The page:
Harvest at Loko ‘Ume Iki, original conte’ on pastel paper by Carol Araki Wyban.
Harvest at the ʻUme Iki fishtrap: At the change of the tide, the woman wades to the fish lane and sits on the platform of a channel. Her net covers the opening. As fish rush to meet the tide, she can feel the tug of the fish in the net and quickly lifts it to catch the fish. She then stores the fish in the gourd until she has enough to feed her family for the day. Then she wades across the pond to the shore. The next day, she begins the process again. Individual families had rights to use specific lanes. ʻUme means to attract. Iki means a little, thus to take a little which is Hawaiian tradition.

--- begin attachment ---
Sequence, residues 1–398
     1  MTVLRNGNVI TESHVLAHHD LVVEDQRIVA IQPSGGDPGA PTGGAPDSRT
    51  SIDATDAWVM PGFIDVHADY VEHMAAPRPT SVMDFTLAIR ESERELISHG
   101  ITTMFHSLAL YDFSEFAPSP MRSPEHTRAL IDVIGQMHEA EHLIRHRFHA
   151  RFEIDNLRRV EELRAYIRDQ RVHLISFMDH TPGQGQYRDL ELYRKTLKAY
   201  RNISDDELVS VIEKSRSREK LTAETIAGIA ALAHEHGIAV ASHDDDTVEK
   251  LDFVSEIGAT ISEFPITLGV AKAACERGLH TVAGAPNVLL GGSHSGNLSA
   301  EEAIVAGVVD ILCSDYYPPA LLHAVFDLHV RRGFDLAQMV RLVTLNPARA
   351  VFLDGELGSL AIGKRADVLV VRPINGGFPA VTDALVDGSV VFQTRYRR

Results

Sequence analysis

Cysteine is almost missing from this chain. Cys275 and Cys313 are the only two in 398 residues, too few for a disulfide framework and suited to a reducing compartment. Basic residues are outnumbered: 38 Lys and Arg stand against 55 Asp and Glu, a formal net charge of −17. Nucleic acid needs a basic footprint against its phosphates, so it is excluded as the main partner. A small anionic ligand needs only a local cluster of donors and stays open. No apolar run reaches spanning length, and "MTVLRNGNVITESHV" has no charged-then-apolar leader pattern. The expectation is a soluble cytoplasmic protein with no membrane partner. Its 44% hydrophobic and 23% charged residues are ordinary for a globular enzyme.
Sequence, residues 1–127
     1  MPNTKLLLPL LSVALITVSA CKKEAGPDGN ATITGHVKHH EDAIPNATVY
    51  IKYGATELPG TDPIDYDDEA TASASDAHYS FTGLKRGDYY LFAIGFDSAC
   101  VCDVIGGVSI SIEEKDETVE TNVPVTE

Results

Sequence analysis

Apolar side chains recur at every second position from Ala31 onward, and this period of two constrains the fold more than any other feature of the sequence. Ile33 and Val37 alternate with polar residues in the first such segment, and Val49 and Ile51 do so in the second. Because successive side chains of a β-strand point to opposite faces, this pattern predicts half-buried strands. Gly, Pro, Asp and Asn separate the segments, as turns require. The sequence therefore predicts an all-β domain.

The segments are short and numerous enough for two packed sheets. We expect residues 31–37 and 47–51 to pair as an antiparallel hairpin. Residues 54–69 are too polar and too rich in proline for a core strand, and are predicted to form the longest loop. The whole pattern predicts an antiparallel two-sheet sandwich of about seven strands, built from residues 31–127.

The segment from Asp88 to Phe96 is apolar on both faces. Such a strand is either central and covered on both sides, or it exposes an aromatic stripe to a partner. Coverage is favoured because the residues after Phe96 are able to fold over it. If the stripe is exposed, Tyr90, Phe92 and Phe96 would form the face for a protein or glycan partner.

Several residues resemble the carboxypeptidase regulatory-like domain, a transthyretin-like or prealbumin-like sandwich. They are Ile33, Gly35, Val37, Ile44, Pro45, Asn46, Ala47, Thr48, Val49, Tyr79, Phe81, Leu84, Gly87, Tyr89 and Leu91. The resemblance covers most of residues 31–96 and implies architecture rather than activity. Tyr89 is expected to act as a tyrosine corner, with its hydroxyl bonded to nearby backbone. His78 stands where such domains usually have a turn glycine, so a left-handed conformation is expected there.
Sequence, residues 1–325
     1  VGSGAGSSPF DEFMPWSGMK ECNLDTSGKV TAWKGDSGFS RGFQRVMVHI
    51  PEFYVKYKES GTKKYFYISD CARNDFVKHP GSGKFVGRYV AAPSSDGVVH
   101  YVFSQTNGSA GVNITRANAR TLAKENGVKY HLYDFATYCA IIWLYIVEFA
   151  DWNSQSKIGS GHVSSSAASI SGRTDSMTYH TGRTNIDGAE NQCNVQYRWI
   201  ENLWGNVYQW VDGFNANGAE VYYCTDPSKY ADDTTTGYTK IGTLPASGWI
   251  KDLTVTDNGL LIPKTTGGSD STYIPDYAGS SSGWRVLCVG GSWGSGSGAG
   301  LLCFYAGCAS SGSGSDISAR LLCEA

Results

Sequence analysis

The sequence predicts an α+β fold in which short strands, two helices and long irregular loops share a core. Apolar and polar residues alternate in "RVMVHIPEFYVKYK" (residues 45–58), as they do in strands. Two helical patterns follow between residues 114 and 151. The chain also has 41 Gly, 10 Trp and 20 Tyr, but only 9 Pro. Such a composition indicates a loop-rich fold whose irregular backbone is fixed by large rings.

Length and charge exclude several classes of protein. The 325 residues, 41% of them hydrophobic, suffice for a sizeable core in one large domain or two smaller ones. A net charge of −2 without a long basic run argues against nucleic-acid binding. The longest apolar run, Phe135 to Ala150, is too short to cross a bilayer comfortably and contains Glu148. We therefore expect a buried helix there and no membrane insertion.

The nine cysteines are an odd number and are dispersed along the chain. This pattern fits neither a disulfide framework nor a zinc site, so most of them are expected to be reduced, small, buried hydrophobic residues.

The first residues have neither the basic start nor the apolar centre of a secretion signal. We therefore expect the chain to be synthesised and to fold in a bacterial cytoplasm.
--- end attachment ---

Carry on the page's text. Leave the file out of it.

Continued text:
Dimensions: Framed 11″ x 14″
This giclee print is part of the Fishpond Technology: From Fishing to Fishponds.
Hawaiians observed nature. They conceived of, built and operated aquaculture systems. Ancient fishponds were in operation for centuries before Europeans came to Hawaiʻi. Their tools were their intellect, their hands, rocks and trees. The following figures describe the basic technology of fishponds and how they took the leap from fishing to aquaculture.
To learn more about Carol and her artistic process visit her bio page here.